Monday, May 25, 2009

Invisible Hands that 'Step In'

Hans Wagner at Daily Markets writes on ‘Bond Yield Curve And The Stock Market’ HERE:

In theory, rising interest rates should be good for stocks. Rates tend to rise when the economy is recovering from a down turn. However, higher rates can also be a determent to an economy that is recovering. That is why the Federal Reserve is keeping short-term rates near zero. However, controlling long-term rates is much more difficult. The hidden hand of Adam Smith steps in and forces all entities to deal with the realities of economics.

When rates go up, many investors seeking safety, who had been buying stocks, opt for bonds to receive their yields tempting. When investors perceive they can get better returns from long-term bonds than from stocks it takes money out of the stock market. This tends to put downward pressure on stocks prices. In addition, companies that sell long-term debt will pay more now that rates are higher. This reduces their earnings power

Hans Wagner writes a clear, concise, and accurate account of the Bond Yield Curve, accepting that the BYC is a possible prediction; more of a guide from the past for possible, but uncertain, future behaviour.

The authorities can attempt to influence future behavour by manipulating current and future yields, which may have a desired affect or may meet with stubborn resistance as opinions diverge and losses mount for some.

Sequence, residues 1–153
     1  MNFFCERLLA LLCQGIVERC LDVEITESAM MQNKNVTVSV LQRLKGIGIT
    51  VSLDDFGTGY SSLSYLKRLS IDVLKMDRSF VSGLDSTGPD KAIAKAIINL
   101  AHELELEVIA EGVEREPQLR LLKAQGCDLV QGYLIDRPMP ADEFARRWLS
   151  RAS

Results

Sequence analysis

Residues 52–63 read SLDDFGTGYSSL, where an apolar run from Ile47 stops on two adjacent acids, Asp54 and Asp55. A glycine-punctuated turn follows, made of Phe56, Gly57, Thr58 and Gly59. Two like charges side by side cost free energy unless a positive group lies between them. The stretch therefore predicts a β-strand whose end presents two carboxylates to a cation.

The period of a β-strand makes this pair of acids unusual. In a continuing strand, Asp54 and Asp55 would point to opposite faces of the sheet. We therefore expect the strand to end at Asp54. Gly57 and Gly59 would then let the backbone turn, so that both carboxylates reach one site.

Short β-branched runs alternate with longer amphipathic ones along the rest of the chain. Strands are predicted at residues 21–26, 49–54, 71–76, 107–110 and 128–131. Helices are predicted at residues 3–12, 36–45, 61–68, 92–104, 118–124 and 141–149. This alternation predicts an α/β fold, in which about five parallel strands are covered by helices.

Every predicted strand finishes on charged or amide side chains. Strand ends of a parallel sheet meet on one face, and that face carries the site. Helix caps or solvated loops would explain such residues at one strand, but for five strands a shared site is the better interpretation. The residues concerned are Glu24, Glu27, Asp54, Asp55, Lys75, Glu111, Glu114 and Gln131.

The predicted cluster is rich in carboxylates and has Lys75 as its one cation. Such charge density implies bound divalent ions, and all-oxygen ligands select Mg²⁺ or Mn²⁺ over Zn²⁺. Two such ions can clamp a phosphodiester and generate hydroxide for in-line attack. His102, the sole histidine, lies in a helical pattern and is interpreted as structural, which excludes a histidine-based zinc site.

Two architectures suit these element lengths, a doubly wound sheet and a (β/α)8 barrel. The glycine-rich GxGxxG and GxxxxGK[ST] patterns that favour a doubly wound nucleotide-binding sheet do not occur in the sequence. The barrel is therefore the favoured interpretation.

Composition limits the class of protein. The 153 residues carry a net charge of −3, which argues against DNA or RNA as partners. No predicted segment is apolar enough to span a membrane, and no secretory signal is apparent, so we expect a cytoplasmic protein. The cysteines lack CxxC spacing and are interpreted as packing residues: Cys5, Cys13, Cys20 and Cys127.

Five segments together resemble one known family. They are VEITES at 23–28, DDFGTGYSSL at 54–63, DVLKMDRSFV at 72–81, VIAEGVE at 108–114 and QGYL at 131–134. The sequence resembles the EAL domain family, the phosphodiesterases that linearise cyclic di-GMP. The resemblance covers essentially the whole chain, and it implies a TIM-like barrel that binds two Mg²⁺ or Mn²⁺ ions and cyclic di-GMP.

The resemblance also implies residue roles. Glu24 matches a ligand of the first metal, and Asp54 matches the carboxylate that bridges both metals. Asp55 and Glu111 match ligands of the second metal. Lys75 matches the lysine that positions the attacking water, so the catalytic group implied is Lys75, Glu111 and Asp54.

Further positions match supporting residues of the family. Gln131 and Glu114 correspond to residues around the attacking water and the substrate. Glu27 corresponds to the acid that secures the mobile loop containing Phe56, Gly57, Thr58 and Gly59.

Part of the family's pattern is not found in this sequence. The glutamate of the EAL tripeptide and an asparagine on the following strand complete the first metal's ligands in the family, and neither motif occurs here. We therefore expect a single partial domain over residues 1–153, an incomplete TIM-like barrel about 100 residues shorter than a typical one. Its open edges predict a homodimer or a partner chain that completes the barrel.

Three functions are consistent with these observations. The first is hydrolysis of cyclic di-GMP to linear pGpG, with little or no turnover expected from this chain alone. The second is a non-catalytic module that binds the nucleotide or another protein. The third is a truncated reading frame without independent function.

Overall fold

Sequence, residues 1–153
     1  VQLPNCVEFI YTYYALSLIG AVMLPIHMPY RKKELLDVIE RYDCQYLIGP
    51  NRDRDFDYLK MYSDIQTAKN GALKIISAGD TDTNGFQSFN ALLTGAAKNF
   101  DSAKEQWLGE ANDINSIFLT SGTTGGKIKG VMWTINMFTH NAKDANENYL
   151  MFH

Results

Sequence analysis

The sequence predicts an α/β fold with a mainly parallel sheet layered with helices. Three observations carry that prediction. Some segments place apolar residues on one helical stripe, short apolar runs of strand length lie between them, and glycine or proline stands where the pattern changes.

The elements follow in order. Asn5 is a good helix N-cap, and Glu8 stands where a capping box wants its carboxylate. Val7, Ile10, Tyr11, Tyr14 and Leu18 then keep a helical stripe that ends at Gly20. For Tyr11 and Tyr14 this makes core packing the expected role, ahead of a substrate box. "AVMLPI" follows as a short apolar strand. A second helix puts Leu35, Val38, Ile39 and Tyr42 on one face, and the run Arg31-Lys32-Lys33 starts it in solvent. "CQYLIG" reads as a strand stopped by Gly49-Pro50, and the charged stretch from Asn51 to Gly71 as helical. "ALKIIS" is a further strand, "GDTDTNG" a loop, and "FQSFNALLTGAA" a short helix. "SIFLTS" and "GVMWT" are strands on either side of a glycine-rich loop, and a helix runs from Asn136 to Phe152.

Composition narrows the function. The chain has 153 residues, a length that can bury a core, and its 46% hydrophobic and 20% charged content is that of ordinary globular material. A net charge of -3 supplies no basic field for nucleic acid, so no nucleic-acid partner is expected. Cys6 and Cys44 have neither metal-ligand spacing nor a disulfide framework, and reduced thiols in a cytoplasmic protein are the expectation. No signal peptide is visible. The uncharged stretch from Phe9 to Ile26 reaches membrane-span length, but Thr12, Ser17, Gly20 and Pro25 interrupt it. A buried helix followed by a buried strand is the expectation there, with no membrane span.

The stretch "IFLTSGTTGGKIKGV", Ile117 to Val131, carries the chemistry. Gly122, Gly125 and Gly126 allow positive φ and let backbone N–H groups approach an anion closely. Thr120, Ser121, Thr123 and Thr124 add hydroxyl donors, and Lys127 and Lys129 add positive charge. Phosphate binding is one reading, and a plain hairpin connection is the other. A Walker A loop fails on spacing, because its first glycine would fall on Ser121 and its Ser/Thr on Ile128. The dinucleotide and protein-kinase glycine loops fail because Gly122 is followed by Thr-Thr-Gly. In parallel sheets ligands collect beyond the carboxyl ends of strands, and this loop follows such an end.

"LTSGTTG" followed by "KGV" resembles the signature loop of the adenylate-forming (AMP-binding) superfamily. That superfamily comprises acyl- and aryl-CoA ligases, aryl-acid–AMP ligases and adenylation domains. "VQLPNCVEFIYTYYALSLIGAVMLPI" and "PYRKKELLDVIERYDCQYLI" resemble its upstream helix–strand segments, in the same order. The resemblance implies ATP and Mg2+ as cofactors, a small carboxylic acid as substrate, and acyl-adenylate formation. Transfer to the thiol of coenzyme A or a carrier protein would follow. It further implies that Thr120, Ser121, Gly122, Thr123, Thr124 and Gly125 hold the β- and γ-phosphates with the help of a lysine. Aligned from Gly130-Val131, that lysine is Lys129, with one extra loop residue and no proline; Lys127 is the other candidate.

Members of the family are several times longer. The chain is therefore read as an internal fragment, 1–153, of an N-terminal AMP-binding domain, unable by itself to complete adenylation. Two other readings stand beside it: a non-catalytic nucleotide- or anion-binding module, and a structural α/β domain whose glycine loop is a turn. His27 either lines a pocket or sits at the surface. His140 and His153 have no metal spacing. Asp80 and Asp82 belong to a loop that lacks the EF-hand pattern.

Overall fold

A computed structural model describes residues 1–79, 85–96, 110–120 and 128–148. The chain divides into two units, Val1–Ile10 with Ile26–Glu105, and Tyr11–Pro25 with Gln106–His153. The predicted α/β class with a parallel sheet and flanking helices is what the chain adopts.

What investors in stocks and bonds do in their anticipations of the future is down to their usual perceptions of risks. Here, Hans employs a metaphor to skate over the effects of investors’ judgements: ‘The hidden hand of Adam Smith steps in and forces all entities to deal with the realities of economics.’

He does not explain how an ‘invisible hand’ is able to ‘step in’ (more a role for a foot). In practice investors do what their degree of risk avoidance influences them to do. The ‘realities of economics’ are not read from a textbook - more likely from professional advisors angling for commissions to advise them or subscriptions to their newletters – and opinions may differ about the ‘realities’ of ‘economics’.

In short, if investors follow the advice or their best guess and behave according to the Bond Yield Curve’s predictions of future yields, assuming they find and trade with others offering contracts carrying interest rates according to their fancies, and assuming these prove profitable in practice, then Hans would ascribe their behaviour to ‘the invisible hand’ with a ‘foot’ attached. Of the others – there are always others – who behave differently, they have shrugged off the ‘invisible hand’ and have side-stepped its ‘foot’.

Why not say so, by explaining the role of the yield on the risk perception of investors, as identified by changing interest rates on short and longer term bonds compared to alternative perceptions of earnings from future share prices?

If stuck, try admitting that its all down to differences of opinions, backed by trades in shares and bonds? Of course, for a professional advisor to admit that what people do is respond to changing prices and yields would hardly be worth a fee or commission, or the price of a publication.

That’s where a widely shared quasi-religious belief in invisible hands ‘step in’ to obfuscate behind a veil of ignorance and a multitude of opinions. It's the difference of opinions that makes the market in shares and bonds (acknowlegements to the American author who said something similar about horse racing, but whose name I have forgetten this morning).



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